BRUSSELS (Reuters) - Britain might ultimately decide not leave the European Union as the EU will not offer London any softer terms than a damaging "hard Brexit", Donald Tusk, who will run the negotiations for Brussels, said on Thursday.
The European Council president said such a reversal of the June referendum was improbable. But, mocking a Brexit campaign promise that Britons could "have their cake and eat it", he said Britain could not keep the trade benefits of EU membership while barring European immigrants and rejecting EU courts' authority.
"There will be no compromises in this regard," the former Polish premier said in a speech at the European Policy Centre.
"The brutal truth is that Brexit will be a loss for all of us. There will be no cakes on the table. For anyone," he said.
"If you ask me if there is any alternative to this bad scenario, I would like to tell you that yes, there is.
"And ... it is useless to speculate about 'soft Brexit' ... These would be purely theoretical speculations. In my opinion, the only real alternative to a 'hard Brexit' is 'no Brexit', even if today hardly anyone believes in such a possibility."
The idea Britain might not follow through on the vote to leave was raised by some EU leaders immediately after the shock of the referendum result. But few have voiced it lately as May has insisted she will honour the popular will, even though she campaigned with predecessor David Cameron to stay in the EU. The vote was also close, with 52 to 48 percent in favour of Brexit.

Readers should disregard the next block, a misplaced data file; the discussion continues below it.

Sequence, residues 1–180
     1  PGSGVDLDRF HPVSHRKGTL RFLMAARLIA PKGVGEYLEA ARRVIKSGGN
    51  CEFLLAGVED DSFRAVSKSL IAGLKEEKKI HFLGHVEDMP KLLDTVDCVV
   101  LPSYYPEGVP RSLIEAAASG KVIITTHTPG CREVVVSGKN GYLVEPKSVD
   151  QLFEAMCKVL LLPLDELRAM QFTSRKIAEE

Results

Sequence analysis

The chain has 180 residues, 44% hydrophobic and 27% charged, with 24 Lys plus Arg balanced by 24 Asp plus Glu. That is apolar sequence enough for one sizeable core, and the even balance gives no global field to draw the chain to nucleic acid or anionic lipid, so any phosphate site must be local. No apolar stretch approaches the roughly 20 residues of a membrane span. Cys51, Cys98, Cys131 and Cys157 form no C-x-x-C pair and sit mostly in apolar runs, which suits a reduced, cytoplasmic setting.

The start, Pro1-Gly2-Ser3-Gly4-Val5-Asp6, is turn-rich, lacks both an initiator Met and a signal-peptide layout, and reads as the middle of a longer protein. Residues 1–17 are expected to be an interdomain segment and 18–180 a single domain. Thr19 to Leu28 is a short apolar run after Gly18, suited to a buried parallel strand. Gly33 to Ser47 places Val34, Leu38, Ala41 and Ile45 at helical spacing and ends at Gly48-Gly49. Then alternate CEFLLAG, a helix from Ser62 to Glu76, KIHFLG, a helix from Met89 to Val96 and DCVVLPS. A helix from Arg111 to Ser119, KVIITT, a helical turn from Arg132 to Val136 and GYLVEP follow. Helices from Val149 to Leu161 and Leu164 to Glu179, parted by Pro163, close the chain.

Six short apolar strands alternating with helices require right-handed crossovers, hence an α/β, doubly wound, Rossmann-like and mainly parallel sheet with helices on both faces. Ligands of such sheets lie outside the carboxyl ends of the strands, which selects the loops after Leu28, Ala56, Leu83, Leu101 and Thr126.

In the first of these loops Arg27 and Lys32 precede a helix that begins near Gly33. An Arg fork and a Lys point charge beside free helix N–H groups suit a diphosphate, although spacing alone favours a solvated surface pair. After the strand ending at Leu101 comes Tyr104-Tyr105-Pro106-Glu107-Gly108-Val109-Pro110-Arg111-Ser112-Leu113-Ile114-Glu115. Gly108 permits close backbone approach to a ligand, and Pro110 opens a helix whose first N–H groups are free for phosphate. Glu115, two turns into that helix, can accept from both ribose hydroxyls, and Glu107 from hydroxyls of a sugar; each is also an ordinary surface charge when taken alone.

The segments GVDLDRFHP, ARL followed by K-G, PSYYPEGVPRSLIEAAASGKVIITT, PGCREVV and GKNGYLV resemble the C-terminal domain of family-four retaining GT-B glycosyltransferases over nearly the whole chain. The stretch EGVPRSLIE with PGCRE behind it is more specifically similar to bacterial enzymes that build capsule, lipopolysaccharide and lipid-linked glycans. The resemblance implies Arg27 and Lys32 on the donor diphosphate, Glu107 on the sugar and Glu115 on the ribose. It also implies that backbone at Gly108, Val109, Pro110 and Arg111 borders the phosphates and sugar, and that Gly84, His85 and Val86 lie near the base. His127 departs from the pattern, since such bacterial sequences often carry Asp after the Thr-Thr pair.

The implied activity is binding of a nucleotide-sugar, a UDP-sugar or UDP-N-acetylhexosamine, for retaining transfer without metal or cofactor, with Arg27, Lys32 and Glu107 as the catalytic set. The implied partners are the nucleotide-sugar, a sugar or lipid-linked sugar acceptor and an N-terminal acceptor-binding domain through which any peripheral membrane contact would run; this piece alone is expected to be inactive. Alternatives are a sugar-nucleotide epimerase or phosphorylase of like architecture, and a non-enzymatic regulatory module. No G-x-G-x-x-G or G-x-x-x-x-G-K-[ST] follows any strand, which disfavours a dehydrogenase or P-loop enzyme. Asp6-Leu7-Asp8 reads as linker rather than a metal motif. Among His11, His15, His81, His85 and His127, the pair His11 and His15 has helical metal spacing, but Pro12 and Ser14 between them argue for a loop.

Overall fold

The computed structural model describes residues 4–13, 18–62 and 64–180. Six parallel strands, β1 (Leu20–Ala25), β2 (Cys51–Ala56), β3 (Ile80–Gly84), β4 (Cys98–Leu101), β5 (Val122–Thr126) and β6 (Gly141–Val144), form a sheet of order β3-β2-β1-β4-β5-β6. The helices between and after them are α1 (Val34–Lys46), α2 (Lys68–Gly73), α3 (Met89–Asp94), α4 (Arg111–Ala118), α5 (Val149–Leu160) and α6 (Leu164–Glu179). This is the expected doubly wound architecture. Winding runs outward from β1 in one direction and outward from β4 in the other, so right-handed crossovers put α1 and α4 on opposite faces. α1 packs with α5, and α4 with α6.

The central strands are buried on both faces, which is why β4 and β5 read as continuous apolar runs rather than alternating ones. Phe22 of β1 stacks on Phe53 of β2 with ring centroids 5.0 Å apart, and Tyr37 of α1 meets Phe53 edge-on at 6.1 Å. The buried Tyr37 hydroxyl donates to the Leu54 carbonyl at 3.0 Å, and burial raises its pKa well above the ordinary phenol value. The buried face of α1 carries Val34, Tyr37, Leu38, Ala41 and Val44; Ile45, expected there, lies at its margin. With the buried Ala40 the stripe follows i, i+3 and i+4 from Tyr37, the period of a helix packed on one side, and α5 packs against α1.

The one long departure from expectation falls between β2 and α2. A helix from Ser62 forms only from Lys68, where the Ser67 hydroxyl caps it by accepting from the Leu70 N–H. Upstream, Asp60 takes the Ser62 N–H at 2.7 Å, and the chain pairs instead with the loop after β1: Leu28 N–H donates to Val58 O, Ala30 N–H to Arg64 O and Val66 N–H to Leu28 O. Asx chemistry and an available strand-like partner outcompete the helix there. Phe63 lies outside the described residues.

However, Tusk's comments came as the High Court in London began hearing a challenge to May's right to trigger the process without a vote in the broadly anti-Brexit parliament, and as Scotland's First Minister Nicola Sturgeon threatened a new independence vote by 2019 as a way to keep Scotland inside the EU single market if London takes a "hard Brexit" option.
Tusk, who will chair May's first summit next week with the 27 other EU national leaders, will work to broker a deal once she formally triggers a two-year negotiating process. She has said she will do that in the first quarter of next year.
Responding to a question, Tusk said his legal view was that if Britain unilaterally withdrew its request to leave before the two years were up, then it could stay in the Union. Others have argued that once the notification under Article 50 of the EU treaty is made, it can only be rescinded by mutual agreement.
But Tusk said he had not found any national leader who wanted Britain to quit and so London would find a welcome if it changed its mind. "If we have a chance to reverse this negative process, we will find allies," he said. "I have no doubt."
Editing by Mark Heinrich